The Anger of Saintly Men, the first work of fiction by award-winning author and filmmaker Anubha Yadav, calls out toxic masculinity within the Indian family and society at large through its nuanced and unafraid take on what it means to be a “man” in India. Narrated linearly through the lives of three brothers, Saurabh, Anu, and Vicky, in simple and direct prose, the novel takes on social themes like class, caste, masculinity, homophobia, and identity.
Yadav succeeds in bringing home the point that toxic masculinity does not exist in isolation— it is championed and protected by those who benefit from it, as well as its victims. She also lays bare the intricacies involved in how cis-het men, who seemingly benefit from patriarchal norms, are also victimised by it and caught up in their own convoluted mess of “masculine” standards and expectations.
The deeply problematic implications of toxic masculinity make up every page of the novel and are likely to make the reader feel stifled at many points in the book. From a young Saurabh, who feels the pressure to prove his manhood, forcing himself on a stray dog, to Anu’s utter disgust for his close friend’s gay father, the narrative is strewn with instances of toxic masculinity and the different ways in which its characters succumb and eventually reinforce the same tired ideas.
Yadav does not spare her female characters either. She painstakingly unravels the details of what makes up an Indian middle-class family that is dominated by patriarchal values, and the significant role that women play in preserving the status quo. Most women in the novel exist only in relation to its male characters and can be seen echoing the same gender norms and patriarchal perspectives, if not worse. This can be seen in Saurabh’s mother slut-shaming his cousin Anju. “Thank god she has gone, what a burden the girl was, prancing around with her chest out, looking for new prey like a jungle cat,” she says.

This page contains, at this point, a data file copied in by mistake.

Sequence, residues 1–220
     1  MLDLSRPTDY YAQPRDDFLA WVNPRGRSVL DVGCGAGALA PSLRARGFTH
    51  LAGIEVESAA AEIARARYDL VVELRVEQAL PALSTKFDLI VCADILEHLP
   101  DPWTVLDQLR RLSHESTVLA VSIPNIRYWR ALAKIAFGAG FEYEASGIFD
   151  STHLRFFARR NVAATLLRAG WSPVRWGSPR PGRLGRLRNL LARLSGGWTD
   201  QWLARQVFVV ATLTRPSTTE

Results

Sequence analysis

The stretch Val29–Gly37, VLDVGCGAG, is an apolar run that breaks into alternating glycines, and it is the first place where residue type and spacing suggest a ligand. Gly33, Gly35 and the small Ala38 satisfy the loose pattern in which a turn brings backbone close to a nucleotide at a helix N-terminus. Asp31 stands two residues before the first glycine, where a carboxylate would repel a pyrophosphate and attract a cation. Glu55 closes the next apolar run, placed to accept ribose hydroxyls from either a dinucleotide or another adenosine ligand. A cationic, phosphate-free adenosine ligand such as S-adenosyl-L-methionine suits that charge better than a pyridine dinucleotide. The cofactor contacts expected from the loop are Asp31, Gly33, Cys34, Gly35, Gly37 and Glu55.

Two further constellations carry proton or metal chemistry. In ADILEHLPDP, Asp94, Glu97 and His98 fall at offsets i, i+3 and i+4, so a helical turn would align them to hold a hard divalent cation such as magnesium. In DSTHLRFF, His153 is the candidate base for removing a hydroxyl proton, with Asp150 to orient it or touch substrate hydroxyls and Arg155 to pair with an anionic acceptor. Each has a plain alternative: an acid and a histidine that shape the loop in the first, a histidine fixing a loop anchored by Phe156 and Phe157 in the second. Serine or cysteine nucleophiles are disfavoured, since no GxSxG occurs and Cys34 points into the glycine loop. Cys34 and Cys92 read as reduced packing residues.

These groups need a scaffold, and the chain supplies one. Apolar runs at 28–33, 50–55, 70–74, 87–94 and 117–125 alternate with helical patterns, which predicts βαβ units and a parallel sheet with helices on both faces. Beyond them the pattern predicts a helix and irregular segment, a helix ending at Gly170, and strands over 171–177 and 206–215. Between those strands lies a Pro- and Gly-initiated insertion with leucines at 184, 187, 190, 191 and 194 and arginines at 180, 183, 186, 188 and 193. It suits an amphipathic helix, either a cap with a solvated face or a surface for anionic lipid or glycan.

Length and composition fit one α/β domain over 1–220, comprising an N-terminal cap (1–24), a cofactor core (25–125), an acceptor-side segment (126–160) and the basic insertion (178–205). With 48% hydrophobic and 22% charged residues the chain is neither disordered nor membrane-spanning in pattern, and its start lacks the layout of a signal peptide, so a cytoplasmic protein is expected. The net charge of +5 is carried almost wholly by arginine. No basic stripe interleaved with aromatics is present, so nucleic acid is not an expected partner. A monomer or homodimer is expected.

Honour is a defining criterion of the patriarchal power dynamic and forms the crux of many conflicts in the novel. The gendered concept of heroism is also touched upon in many parts of the novel, like the chapter in which Vicky and his friends dream of a movie plot— escaping from a detention centre; each one takes pride in being the one to hatch the grand escape plan and not giving in to torture at the hands of the authorities.
Though the novel starts out with its narrative interspersed with Hindi words left untranslated, they disappear as the story unfolds. There are parts where the book feels weighted down with the many social issues that plague its characters.
The men in The Anger of Saintly Men strive to outdo each other in every facet of their lives, be it personal or professional, to fit into the mould of the “perfect man”. Much like men that we all know, they lose themselves and the people closest to them in their eternal pursuit of “manhood”, and what remains is their pride, loathing, insecurities, and a great deal of anger.